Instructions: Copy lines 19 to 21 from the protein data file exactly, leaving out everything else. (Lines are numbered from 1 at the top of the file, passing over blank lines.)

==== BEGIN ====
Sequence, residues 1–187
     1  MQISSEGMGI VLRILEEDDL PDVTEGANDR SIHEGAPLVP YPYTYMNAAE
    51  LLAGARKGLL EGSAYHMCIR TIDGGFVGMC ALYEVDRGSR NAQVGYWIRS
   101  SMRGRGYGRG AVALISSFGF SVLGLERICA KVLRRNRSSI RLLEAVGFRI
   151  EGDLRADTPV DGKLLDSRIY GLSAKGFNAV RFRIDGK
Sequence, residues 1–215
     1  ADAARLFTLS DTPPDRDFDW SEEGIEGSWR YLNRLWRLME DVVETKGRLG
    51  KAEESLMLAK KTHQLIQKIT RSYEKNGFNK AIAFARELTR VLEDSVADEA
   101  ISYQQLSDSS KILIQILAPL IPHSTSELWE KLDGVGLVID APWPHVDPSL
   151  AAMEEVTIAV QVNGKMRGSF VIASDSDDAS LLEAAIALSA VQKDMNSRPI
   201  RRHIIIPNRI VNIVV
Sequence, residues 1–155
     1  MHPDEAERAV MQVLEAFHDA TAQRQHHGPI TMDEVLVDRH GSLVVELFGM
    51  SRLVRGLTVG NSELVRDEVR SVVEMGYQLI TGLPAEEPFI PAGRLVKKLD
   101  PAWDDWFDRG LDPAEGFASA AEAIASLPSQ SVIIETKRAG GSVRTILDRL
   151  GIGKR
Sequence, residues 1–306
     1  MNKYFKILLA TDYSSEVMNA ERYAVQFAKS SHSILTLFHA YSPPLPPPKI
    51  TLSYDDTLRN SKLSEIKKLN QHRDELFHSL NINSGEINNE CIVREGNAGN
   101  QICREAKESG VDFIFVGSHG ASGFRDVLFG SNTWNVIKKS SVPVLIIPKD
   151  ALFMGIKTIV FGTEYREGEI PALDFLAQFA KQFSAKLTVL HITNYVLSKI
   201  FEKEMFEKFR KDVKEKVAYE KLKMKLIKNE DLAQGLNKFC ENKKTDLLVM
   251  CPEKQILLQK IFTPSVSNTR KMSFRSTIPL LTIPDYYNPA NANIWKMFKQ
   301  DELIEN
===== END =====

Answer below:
    51  TLSYDDTLRN SKLSEIKKLN QHRDELFHSL NINSGEINNE CIVREGNAGN
   101  QICREAKESG VDFIFVGSHG ASGFRDVLFG SNTWNVIKKS SVPVLIIPKD
   151  ALFMGIKTIV FGTEYREGEI PALDFLAQFA KQFSAKLTVL HITNYVLSKI